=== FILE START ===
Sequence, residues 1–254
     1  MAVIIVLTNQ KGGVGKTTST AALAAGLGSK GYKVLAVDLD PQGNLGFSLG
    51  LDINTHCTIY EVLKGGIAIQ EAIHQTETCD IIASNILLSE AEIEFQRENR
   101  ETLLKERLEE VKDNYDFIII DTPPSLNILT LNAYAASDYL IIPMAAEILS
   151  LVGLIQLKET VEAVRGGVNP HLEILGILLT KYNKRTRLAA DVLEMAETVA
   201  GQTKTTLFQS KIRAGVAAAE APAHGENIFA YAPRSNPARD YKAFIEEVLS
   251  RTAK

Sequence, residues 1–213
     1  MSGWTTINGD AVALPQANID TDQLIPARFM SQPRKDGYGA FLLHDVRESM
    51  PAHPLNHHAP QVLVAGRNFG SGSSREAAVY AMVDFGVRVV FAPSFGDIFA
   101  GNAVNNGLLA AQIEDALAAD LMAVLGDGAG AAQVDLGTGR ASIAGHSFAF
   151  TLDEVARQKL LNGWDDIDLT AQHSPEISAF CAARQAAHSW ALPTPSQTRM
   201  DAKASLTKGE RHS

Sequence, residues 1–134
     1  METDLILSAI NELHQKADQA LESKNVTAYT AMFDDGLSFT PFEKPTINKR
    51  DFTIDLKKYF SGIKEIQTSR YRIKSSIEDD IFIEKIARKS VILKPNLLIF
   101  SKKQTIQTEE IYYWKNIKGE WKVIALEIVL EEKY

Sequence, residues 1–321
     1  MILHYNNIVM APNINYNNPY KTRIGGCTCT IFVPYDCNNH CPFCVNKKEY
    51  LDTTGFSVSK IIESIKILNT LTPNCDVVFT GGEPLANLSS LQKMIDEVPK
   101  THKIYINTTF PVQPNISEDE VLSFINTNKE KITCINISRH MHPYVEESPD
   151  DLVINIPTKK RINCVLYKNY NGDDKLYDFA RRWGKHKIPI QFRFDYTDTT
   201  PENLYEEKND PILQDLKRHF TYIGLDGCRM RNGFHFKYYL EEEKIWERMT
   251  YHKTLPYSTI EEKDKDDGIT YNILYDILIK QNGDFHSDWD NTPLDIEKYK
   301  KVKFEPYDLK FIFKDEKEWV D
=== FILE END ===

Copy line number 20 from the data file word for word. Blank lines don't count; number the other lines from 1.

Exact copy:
    51  LDTTGFSVSK IIESIKILNT LTPNCDVVFT GGEPLANLSS LQKMIDEVPK